Synopses & Reviews
A searing Holocaust novel based on a true story.
Twelve-year-old Eva and her sister have been forced to leave their home in Poland and are imprisoned in a Nazi labor camp. There they must spin thread on treacherous machinery to make clothing and blankets for the German Army. As Eva struggles amid ever worsening dangers to save her life and that of her sick sister, readers witness how two teenagers strive to create home and family amidst inhumanity and chaos. Written in exquisite prose, this story of heartbreak and hope that is rich in detail and symbolism will deeply move readers of all ages.
"The author of the uproarious tall tale Swamp Angel (1994) moves into a very different mode here in a grim Holocaust novel based on her mother-in-law's experience as a young teenage prisoner in a Nazi labor camp. The focus of Eva's story is always her bond with her fragile older sister, Rachel. They protect, even overprotect, each other, first in the Polish ghetto, and then for two years as prisoners in a Nazi labor camp in Czechoslovakia, where every day, every hour, is a struggle with hunger, disease, cold, and hard labor. Isaacs tells it without exploitation or sentimentality. She shows that there are Poles, and even some Jews, who help the Nazis and that many ordinary people are afraid to do anything or are just "uninterested." There is even one German camp officer who secretly does what he can to help the prisoners. The genocide horror is distanced because this is not a death camp, though Eva witnesses heartrending scenes of prisoners being marched to Auschwitz. Tension builds as the sisters, starving, sick, surrounded by filth, and checking each other's hair for lice, try to stay alive in the last months, one hour at time, until the Allies liberate the camp. As with the brother and sister in Anita Lobel's No Pretty Pictures (Booklist's 1998 Top of the List winner for Youth Nonfiction) and in Schoschana Rabinovici's Thanks to My Mother (the 1998 Batchelder Award winner), family love is a fact of survival". Booklist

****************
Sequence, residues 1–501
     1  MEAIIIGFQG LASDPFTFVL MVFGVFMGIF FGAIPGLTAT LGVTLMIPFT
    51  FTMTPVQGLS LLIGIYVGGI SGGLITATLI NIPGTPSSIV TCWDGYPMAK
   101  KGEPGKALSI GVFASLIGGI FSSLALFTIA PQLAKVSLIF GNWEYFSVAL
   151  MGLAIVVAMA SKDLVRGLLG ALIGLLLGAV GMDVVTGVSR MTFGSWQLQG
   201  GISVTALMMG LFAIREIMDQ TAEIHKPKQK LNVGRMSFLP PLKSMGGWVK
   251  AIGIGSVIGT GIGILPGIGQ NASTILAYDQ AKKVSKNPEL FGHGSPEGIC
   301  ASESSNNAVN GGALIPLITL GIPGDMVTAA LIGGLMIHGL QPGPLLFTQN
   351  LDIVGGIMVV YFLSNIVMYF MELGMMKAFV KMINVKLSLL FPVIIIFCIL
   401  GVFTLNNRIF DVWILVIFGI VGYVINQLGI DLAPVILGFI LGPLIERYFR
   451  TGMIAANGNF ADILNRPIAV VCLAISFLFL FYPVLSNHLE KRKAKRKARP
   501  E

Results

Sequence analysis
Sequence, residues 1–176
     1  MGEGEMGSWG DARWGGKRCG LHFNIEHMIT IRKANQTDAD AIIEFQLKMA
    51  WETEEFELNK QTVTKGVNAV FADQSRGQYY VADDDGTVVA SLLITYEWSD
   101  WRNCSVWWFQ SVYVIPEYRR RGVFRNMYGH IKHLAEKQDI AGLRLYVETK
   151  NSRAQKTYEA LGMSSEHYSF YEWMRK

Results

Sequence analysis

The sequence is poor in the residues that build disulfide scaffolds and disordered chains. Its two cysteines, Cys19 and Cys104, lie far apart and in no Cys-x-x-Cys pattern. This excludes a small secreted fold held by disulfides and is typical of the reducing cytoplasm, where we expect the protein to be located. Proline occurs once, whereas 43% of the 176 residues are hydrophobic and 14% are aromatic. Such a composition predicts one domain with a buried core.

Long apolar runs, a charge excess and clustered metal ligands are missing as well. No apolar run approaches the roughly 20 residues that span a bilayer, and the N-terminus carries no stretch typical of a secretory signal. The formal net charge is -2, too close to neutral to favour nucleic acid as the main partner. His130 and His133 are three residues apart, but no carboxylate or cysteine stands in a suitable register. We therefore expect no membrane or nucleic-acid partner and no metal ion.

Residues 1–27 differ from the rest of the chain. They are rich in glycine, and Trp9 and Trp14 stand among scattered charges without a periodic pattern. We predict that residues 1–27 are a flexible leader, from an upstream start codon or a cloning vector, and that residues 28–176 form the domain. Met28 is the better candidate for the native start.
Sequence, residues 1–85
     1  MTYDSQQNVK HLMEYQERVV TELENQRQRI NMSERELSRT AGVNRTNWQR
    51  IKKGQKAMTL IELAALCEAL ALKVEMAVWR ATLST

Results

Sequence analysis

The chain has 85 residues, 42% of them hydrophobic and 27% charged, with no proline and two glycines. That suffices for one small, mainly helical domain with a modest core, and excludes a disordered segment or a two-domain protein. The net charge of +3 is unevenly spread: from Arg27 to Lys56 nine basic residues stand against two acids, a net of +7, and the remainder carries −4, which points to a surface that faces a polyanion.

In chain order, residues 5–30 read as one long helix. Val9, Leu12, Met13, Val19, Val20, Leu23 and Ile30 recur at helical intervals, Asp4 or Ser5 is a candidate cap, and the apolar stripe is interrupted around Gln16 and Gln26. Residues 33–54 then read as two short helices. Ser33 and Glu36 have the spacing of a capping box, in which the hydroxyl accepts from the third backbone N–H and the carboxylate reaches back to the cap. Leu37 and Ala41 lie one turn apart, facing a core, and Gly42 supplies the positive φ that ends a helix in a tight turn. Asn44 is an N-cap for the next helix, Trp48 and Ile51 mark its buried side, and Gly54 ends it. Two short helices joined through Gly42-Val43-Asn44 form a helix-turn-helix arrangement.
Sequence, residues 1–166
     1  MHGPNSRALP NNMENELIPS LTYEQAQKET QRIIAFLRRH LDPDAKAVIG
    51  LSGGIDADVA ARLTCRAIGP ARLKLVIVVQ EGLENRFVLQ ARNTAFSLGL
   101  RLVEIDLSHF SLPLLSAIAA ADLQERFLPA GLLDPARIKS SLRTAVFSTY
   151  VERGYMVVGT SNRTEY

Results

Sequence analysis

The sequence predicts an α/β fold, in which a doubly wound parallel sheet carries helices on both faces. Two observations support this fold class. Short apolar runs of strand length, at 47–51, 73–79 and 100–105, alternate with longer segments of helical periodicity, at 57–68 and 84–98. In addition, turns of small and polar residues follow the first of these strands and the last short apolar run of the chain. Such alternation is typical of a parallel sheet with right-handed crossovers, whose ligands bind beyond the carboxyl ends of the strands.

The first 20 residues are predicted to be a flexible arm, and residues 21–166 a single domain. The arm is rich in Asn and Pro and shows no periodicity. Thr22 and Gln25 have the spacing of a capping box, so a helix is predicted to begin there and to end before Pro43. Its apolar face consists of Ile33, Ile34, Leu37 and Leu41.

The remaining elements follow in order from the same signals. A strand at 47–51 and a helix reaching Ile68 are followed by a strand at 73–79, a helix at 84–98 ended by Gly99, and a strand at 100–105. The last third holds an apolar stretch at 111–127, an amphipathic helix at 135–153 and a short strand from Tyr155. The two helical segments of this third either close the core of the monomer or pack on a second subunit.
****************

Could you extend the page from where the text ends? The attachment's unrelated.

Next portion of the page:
About the Author
Anne Isaacs was born in Buffalo, New York, where she lived until she left for college. As a child, Anne read constantly, selecting books such as Wind in the Willows and Romeo and Juliet. Her favorite book was Little Women, and she grew up to have a life much like the heroine Jo; maintaining a career as an educator, a mother, and a children's book writer.
In 1967 Anne left Buffalo for the University of Michigan where she received degrees in English Literature and Environmental Education. Today she lives in the San Francisco Bay area.
Published in 2006, Pancakes for Supper, is loosely based on the plot of Helen Bannerman's classic story, Little Black Sambo.” But in writing Pancakes for Supper, Anne Isaacs decided to create the first completely American retelling of this beloved story. The characters in Pancakes for Supper, including five animals, are indigenous to New England in the early half of the 19th century. The main character, a spunky new heroine named Toby, has what it takes to stand up to a ferocious wolf, cougar, bear, skunk, and porcupine. The clarified butter, or ghee, of the original tale becomes, in Pancakes for Supper, fresh-tapped maple syrup from the Vermont trees that still supply America with the most famous of pancake toppings.